Journal of the Arkansas Academy of Science

Volume 58 Article 15

2004 Impact of Black Shale on Sediment Quality G. M. Ogendi Arkansas State University

R. E. Hannigan Arkansas State University

Jerry L. Farris Arkansas State University

D. Smith Arkansas State University

Follow this and additional works at: http://scholarworks.uark.edu/jaas Part of the Fresh Water Studies Commons, Commons, and the Water Resource Management Commons

Recommended Citation Ogendi, G. M.; Hannigan, R. E.; Farris, Jerry L.; and Smith, D. (2004) "Impact of Black Shale Weathering on Sediment Quality," Journal of the Arkansas Academy of Science: Vol. 58 , Article 15. Available at: http://scholarworks.uark.edu/jaas/vol58/iss1/15

This article is available for use under the Creative Commons license: Attribution-NoDerivatives 4.0 International (CC BY-ND 4.0). Users are able to read, download, copy, print, distribute, search, link to the full texts of these articles, or use them for any other lawful purpose, without asking prior permission from the publisher or the author. This Article is brought to you for free and open access by [email protected] It has been accepted for inclusion in Journal of the Arkansas Academy of Science by an authorized editor of [email protected] For more information, please contact [email protected], [email protected] Journal of the Arkansas Academy of Science, Vol. 58 [2004], Art. 15

The Impact ofBlack Shale Weathering on Sediment Quality

G.M. Ogendi,* R.E. Hannigan, J.L. Farris, and D. Smith Department of Chemistry and Program for Environmental Sciences Arkansas State University State University, AR 72467

* Corresponding Author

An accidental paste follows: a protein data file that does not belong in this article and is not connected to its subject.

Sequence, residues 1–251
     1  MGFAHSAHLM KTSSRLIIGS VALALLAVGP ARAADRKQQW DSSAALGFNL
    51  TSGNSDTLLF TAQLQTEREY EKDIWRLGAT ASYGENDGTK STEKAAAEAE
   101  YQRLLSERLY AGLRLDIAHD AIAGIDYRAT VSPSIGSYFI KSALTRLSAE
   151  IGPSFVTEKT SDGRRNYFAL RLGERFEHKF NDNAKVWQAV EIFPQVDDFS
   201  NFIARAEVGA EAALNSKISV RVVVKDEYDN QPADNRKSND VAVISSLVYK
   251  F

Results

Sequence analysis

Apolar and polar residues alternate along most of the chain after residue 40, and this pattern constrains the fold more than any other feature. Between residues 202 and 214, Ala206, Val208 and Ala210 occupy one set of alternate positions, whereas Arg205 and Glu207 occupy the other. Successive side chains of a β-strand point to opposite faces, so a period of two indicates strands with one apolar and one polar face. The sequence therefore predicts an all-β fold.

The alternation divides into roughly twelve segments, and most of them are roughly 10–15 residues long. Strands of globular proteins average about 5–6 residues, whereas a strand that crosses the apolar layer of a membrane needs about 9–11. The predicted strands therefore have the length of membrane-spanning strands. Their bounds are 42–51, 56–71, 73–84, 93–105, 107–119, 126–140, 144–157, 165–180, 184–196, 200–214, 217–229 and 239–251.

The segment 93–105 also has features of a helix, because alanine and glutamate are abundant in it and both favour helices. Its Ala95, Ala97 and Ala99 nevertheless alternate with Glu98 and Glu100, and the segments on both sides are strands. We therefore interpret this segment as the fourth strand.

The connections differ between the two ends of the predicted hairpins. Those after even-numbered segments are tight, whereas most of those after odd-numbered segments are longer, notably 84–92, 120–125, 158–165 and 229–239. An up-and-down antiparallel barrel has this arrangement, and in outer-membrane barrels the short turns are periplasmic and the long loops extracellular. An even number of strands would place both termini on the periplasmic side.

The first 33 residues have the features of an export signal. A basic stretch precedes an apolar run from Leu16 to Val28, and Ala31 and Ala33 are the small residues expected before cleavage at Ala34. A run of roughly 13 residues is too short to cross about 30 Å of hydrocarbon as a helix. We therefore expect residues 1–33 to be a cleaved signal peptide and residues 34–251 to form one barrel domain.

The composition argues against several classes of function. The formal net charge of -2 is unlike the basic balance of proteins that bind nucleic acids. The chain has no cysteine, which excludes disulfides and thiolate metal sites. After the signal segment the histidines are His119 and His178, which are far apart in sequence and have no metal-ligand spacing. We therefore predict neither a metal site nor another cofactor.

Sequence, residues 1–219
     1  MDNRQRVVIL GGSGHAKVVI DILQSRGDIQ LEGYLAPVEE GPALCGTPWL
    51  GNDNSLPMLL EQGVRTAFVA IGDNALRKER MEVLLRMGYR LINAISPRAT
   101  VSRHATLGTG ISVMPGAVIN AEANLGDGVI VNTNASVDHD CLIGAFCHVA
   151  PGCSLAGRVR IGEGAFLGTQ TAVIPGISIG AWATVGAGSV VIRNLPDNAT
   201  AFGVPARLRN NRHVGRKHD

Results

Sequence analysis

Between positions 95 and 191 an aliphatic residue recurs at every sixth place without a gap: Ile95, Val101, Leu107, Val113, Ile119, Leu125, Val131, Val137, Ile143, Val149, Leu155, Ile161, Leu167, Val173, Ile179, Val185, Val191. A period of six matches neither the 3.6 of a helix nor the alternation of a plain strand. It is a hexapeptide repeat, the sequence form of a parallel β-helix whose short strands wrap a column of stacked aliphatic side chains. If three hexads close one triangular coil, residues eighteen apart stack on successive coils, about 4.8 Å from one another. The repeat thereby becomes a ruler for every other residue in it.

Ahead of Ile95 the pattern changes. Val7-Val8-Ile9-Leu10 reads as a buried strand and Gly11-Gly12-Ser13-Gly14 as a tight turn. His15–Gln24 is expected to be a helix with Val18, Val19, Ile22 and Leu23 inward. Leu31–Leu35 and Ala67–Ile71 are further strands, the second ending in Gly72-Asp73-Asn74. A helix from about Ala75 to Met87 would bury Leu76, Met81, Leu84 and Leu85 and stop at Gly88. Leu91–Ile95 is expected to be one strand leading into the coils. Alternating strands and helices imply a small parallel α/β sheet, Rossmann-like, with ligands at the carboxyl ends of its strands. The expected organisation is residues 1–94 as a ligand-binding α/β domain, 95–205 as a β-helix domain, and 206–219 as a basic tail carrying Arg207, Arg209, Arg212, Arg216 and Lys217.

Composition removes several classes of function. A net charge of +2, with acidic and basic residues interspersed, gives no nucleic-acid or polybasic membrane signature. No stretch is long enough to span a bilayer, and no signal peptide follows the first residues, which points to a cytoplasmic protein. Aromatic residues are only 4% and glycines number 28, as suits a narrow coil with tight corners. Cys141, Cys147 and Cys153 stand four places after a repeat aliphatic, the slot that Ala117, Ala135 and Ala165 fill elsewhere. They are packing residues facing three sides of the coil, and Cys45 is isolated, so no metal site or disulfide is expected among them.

Weathering of black shales leads to elevated metal concentrations inboth surface water and stream sediments. Inspite of the recent focus on black shales, few data exist on the ecological impacts of this process particularly on aquatic organisms. The key objective of this study was to determine the impact of trace metal concentrations in sediments upon aquatic organisms. To achieve the above objective, stream sediment samples were collected from streams draining black shale and (used as a reference stream) lithologies located incentral Arkansas between June 2003 and January 2004. Trace metal concentrations were measured by the dynamic reaction cell inductively coupled plasma mass spectrometry (ICPMS; Perkin Elmer DRC II) following EPA 6020 methodology. Sediment samples were tested for toxicity using standard EPA protocols. The trace metal concentrations in sediments and acute toxicity test findings using midge larvae, Chironomus tentans with endpoints measured as growth and survival is presented. Our results showed that there are significant differences in survival of the midge larvae among the study sites and also among the different sampling occasions. Percent survival of the midge larvae in the sediments derived from black shales was lower than that observed in the limestone-derived stream sediments. Significant differences in growth of the midge larvae were also observed among the sites with the control and reference stream sediments having higher growth than the black shale stream sediments. Though our measured metal concentrations in the black shale-derived sediments were below the Effects Range-Low, there is a great potential of metal accumulation in the fine sediment fraction particularly during baseflow regimes. At the time, metals can be concentrated in the fine sediment fraction due to the low discharge and less dilution. The study thus far has shown that the black shale metal-enriched stream sediments have both lethal and sublethal effects on aquatic organisms and higher organisms through food chain transfer.